1
    become: no
    
    . This is important for the
    1
    vmrun
    
    command, as it only lists Virtual Machines running in the context of each user.
  • The
    1
    pause three seconds
    
    handler prevents a race condition where the existing virtual machine shutdown may not complete gracefully before the next task that attempts to remove the existing virtual machine.
  • The
    1
    meta: flush_handlers
    
    task in
    1
    create_vm.yml
    
    forces handlers to execute immediately. By default, handlers run at the end of a play, which may not be the desired behaviour.

At this point, the existing VM location (if it previously existed) can be safely removed using the

1
name: Remove existing VM path
task and the target VM location created using the
1
name: Create VM path
task.

The final step is to deploy the virtual machine from the OVA image, which is completed in the

1
name: Extract OVA using ovftool
task. This task references the
1
wlc_ova_source
variable, which must be provided explicitly as input to the role. The user must supply their own vWLC OVA image, which can be downloaded from Cisco (CCO login required).

Pre-creating the target VM location alters the behaviour of the

1
ovftool
, which is used to deploy the virtual machine from the OVA image. If you run this command and the destination VMX parent folder does not exist, ovftool behaves difficultly and creates another folder in the format
1
<vm name>.vmwarevm
under the specified parent folder and then places the vmx file in this folder. To avoid this behaviour, you must precreate the target VM parent folder.

Introspecting the Virtual Machine

The next tasks that are executed are defined in the

1
introspect.yml
file:

---
- name: Configure service port as Share with my Mac
  lineinfile: >
    dest='{{ wlc_vm_vmx_path }}'
    regexp='^ethernet0.connectionType ='
    line='ethernet0.connectionType = "nat"'
  notify:
    - start vm
    - stop vm
- meta: flush_handlers
- name: Get service port MAC address
  shell: cat '{{ wlc_vm_vmx_path }}' | awk -F'"' '/ethernet0.generatedAddress = /{print $2}'
  register: wlc_vm_mac_address
  changed_when: False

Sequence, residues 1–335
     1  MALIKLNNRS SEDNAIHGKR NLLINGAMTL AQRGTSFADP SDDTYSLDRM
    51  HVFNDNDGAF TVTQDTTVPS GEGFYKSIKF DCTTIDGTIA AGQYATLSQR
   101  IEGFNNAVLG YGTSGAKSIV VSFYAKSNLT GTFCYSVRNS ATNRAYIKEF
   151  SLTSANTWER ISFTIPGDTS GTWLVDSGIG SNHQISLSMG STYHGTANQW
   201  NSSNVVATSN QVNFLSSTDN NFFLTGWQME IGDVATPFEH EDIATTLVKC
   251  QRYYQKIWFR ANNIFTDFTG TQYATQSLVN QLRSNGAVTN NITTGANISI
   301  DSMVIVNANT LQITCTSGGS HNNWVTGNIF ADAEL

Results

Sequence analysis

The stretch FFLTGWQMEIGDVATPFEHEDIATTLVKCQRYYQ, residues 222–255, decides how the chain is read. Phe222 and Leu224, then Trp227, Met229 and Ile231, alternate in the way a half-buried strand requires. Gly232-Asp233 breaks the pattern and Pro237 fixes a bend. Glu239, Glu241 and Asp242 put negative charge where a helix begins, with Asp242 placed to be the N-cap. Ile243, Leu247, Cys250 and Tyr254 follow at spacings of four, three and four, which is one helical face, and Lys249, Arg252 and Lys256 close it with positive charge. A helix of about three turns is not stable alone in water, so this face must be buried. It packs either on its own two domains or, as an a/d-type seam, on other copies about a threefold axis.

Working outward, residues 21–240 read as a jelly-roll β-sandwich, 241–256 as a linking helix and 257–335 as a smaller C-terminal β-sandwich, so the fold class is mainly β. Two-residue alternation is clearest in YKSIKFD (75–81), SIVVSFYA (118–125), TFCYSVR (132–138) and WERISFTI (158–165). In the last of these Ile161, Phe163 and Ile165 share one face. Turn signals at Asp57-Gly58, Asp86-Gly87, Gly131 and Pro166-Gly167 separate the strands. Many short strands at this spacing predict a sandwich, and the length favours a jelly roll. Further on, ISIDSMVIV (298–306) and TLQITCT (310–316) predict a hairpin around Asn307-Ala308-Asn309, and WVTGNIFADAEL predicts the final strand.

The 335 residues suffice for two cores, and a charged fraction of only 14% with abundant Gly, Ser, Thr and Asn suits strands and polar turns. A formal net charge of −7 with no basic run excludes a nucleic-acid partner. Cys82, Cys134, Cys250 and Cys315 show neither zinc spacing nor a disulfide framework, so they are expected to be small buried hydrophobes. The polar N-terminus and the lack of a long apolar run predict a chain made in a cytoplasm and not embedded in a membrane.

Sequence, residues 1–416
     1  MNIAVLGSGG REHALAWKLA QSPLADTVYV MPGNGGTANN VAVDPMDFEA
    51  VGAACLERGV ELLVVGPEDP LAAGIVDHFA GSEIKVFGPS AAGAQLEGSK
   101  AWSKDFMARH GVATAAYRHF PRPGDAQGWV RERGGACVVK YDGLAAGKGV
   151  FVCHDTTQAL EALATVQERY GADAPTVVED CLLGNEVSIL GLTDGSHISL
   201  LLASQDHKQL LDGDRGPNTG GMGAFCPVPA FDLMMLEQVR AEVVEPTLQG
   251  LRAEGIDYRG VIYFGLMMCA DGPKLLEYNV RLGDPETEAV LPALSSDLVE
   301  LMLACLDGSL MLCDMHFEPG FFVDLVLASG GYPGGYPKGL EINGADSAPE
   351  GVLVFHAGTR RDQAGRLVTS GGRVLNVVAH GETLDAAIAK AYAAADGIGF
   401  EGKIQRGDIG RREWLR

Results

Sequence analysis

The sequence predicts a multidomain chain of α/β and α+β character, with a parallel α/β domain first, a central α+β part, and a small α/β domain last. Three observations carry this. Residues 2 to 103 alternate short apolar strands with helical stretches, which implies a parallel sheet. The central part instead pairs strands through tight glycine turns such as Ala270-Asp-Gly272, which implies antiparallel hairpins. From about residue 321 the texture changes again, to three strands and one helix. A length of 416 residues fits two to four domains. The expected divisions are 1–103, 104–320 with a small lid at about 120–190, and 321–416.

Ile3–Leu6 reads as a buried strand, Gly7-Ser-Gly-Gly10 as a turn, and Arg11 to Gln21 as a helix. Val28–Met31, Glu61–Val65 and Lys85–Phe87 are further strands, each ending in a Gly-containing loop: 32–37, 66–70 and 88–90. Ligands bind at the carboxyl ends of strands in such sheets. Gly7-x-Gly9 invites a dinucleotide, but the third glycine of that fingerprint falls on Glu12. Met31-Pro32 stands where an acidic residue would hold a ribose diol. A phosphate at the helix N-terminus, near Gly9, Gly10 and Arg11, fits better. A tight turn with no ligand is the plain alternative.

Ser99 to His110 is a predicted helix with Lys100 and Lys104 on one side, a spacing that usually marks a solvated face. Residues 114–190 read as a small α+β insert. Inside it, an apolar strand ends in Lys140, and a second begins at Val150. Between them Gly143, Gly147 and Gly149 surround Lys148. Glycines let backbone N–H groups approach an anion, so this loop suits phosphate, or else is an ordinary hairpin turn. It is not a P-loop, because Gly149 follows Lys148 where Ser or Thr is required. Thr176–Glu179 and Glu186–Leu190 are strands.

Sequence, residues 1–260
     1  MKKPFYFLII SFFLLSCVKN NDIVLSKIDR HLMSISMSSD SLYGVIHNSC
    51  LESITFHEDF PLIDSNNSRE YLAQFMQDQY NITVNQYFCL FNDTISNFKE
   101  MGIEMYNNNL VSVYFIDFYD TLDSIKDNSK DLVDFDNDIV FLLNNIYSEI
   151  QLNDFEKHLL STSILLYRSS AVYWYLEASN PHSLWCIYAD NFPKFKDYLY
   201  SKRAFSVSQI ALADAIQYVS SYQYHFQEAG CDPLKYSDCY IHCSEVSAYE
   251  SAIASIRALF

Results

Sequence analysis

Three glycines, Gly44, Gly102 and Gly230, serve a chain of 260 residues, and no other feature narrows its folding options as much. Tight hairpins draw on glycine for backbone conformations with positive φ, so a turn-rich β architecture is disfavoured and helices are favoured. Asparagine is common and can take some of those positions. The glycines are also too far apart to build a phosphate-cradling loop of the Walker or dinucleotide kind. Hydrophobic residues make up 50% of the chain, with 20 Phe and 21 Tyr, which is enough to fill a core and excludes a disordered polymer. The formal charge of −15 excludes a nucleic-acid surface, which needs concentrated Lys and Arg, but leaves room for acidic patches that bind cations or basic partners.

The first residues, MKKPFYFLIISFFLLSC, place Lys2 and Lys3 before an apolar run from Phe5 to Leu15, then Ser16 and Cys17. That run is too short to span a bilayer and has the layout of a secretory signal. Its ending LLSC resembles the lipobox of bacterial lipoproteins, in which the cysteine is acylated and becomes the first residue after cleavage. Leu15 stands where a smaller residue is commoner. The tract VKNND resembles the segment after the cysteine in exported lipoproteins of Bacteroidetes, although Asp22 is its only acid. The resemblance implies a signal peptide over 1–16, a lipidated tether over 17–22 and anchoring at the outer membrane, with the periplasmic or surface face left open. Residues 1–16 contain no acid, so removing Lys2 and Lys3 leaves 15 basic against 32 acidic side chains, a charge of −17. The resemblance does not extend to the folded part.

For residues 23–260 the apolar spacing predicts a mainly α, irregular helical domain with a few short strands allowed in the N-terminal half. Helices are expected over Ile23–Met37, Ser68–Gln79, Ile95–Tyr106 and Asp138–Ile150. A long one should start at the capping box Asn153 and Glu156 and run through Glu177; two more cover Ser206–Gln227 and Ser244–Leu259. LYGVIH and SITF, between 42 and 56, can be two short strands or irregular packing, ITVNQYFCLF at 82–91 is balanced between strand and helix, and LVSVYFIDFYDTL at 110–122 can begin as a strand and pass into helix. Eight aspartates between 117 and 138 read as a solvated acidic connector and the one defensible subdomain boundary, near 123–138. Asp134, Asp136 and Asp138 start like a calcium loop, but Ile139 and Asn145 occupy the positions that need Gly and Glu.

- name: Get vmnet8 IP address
  shell: ifconfig vmnet8 | awk '/inet/{print $2}'
  register: wlc_vmnet8_ip_address
  changed_when: False
- name: Set host IP address fact
  set_fact: wlc_host_ip_address={{ wlc_vmnet8_ip_address.stdout }}
- name: Set VM MAC access fact
  set_fact: wlc_vm_mac_address={{ wlc_vm_mac_address.stdout }}
- name: Set VM IP address fact
  set_fact: wlc_vm_ip_address={{ wlc_vmnet8_ip_address.stdout | regex_replace(wlc_vm_mgmt_ip_regex_match, wlc_vm_mgmt_ip_regex_replace) }}
- name: Set VM IP gateway fact
  set_fact: wlc_vm_ip_gateway={{ wlc_vmnet8_ip_address.stdout | regex_replace(wlc_vm_mgmt_ip_regex_match, wlc_vm_mgmt_gateway_regex_replace) }}

The

1
name: Configure Ethernet0 as Share with my Mac
task reconfigures the
1
ethernet0
network interface connection type to Share with my Mac using the very useful
1
lineinfile
Ansible module. This results in the following entry in the vmx file:

1
ethernet0.connectionType = "nat"

This setting is important, as it ensures the service port on the vWLC appliance will use internal VMWare Fusion NAT networking mode and the VMWare Fusion DHCP server. The other

1
ethernet1
interface will remain in the default bridged networking mode.

The Cisco vWLC appliance comes with two network interfaces.

1
ethernet0
is the service port and
1
ethernet1
is the management port that connects access points.

At the end of this first task, the virtual machine is started and then immediately stopped. The reason for this is that we need to generate a MAC address for the virtual machine service port interface, which does not happen until the virtual machine is started for the first time. After bouncing the virtual machine, the

1
ethernet0.generatedAddress
key in the virtual machine vmx file will be populated with a MAC address:

1
ethernet0.generatedAddress = "00:0c:29:0d:ec:56"

The

1
name: Get service port MAC address
task parses the virtual machine VMX file to retrieve the MAC address, which is required to configure a DHCP reservation for the vWLC virtual machine service port.

Notice that

1
awk
is our friend here :) You may notice that I use
1
awk
and
1
grep
interchangeably and in general the usual differences apply. One key difference is that
1
grep
always returns an error if there is no match, where as
1
awk
does not. This can litter your playbook output with unsightly errors, even if you choose to ignore errors (which IMHO is an Ansible antipattern). One way to work around the